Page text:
| Wycombe district|
Great Western Railway
Great Western Railway
| Great Western Railway
Western Region of British Railways|
Bledlow railway station, Dorton Halt railway station, Akeman Street railway st, Denbigh Hall railway st, Haddenham (Bucks) railway st
Bledlow Bridge Halt railway station was a halt on the Watlington and Princes Risborough Railway which the Great Western Railway opened in 1906 to serve the Buckinghamshire village of Bledlow. The opening of the halt was part of a GWR attempt to encourage more passengers on the line at a time when competition from bus services was drawing away patronage.
Bledlow Bridge Halt railway station Wikipedia
The halt was one of three that the GWR opened on the line in September 1906 to try to encourage passenger traffic in the face of increased competition from buses. It was situated to the north of Bledlow, on the northern side of Perry Lane adjacent to the railway overbridge which carried the Watlington and Princes Risborough Railway over the road. A flight of steps led up from the road to the station which had very basic facilities: a single low platform, no more than one coach-length long, a running in board and a small wooden passenger waiting shelter. The 7 square yards (5.9 m2) needed for the waiting shelter were acquired by the railway company from Lord Carrington in 1909.
Responsibility for the halt was given to the stationmaster of the nearby Bledlow station on the Wycombe Railway. Staff from this station were sent to refill the three paraffin lamps on the halt, as well as the down distant signal for Wainhill Crossing Halt. In winter a member of staff lit the lamps in the afternoon and the guard on the last train extinguished them. By the 1940s only a handful of people were reported to be using the halt which was convenient for a nearby children's home. In the long term the GWR's halt strategy did little to dissuade people from more convenient bus services. In 1957 British Railways closed the halt and withdrew passenger services from the line.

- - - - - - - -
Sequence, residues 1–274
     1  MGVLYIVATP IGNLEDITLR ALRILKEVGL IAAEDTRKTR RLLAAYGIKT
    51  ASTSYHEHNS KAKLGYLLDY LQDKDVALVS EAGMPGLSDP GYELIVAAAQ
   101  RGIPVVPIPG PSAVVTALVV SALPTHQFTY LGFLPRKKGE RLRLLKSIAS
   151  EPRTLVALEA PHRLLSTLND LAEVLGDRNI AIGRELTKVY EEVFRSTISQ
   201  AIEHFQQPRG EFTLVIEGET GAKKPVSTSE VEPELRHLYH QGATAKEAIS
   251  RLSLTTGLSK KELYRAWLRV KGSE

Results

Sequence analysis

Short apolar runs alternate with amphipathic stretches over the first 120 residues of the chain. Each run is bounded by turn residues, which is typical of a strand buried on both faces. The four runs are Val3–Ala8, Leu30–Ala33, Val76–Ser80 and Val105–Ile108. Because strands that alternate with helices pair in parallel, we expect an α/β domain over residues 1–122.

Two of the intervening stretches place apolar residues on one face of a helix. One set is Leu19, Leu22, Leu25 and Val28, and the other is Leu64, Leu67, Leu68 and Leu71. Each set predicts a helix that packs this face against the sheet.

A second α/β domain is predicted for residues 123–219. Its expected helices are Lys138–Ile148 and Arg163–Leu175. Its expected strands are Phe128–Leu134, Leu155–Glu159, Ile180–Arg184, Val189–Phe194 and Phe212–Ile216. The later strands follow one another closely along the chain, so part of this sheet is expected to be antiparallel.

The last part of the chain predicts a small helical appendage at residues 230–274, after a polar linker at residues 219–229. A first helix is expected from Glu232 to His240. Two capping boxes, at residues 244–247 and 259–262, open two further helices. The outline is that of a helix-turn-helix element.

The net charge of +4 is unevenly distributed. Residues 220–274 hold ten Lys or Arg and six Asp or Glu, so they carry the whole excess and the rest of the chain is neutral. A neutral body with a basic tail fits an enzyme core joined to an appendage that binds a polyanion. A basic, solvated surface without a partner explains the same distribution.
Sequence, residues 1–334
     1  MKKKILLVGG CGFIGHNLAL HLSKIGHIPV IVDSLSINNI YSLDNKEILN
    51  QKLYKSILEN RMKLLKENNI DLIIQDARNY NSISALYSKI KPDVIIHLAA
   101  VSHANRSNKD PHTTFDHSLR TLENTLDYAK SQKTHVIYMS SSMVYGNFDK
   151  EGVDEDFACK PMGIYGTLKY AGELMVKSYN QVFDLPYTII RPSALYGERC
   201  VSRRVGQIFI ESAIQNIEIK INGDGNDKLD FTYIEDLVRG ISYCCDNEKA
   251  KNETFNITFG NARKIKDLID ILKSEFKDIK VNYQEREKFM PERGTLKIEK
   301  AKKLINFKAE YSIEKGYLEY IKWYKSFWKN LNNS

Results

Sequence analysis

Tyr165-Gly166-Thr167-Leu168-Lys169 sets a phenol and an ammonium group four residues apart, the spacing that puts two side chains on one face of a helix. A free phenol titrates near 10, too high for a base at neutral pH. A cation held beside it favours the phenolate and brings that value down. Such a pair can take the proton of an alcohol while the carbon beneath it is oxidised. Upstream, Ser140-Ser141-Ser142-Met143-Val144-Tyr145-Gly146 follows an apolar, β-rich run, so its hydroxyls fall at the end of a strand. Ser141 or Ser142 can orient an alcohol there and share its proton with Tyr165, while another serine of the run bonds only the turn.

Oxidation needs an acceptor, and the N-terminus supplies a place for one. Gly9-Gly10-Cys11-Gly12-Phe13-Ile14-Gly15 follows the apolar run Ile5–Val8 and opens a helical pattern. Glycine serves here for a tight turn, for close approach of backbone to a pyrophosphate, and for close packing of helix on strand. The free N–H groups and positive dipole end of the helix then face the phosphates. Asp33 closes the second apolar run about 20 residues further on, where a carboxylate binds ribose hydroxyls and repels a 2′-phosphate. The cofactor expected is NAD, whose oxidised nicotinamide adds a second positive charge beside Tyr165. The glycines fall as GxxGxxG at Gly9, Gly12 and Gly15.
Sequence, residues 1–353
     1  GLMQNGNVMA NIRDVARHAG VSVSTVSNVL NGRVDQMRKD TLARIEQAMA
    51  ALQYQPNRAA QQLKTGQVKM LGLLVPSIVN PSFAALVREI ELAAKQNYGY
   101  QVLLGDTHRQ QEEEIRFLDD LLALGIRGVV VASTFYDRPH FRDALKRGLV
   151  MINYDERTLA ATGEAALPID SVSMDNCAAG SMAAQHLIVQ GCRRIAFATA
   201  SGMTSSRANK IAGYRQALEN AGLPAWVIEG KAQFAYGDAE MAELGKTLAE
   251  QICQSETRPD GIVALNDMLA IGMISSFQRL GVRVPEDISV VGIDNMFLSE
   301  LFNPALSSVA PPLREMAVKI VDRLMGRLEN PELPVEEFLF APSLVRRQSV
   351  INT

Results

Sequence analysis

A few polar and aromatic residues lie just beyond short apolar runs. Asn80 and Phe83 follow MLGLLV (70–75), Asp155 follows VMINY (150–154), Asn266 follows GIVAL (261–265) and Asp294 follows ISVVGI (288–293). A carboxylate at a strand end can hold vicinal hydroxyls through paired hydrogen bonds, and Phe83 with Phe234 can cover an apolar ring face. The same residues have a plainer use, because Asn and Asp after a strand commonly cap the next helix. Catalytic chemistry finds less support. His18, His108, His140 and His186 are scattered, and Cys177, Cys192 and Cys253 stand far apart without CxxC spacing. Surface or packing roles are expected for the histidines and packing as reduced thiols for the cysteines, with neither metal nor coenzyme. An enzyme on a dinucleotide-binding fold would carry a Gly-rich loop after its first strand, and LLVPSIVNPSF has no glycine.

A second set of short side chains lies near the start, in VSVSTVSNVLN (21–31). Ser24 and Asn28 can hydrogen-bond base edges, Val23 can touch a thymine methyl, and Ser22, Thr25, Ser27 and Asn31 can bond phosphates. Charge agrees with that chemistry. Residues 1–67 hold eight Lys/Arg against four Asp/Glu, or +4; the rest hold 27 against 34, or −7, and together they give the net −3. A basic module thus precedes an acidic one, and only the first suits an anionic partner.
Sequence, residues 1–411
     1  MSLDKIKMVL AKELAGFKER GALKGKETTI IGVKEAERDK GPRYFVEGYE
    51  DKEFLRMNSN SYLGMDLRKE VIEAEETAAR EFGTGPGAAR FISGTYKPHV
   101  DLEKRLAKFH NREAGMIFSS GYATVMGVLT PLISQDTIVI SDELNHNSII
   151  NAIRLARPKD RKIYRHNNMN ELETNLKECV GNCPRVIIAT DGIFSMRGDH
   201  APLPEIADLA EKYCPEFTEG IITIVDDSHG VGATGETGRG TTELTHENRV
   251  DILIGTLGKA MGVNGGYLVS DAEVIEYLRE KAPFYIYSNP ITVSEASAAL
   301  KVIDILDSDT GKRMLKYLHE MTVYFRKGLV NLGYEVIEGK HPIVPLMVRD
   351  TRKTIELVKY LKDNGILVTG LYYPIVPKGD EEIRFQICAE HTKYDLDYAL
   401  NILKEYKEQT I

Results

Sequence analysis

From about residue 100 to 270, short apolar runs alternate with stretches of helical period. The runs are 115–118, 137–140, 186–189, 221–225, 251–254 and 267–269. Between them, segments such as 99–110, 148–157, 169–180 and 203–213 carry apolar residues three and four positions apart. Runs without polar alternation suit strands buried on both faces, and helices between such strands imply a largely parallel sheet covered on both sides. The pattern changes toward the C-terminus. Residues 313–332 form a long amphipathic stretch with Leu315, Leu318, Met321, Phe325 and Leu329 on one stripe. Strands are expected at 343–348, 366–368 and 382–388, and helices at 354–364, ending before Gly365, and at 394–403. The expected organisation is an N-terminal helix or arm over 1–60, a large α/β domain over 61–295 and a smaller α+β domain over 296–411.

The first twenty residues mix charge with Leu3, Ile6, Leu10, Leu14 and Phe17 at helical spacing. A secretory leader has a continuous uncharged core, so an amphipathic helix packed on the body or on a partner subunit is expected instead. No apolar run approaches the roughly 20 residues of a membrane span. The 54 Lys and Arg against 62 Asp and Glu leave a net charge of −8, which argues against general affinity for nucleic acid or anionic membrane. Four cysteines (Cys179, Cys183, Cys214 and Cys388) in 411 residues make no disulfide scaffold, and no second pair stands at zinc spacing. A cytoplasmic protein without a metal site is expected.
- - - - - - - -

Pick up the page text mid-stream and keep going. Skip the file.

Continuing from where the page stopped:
Little remains of the halt. The halt building was demolished when the line closed but the steps that lead up to the halt, although damaged and overgrown, are visible. Although the Chinnor and Princes Risborough Railway has reopened the line it is not possible to alight. When the line ran steps from the carriage were used to allow passengers to gain access so, although the platform remains, it is not used by the CPRR because of its height.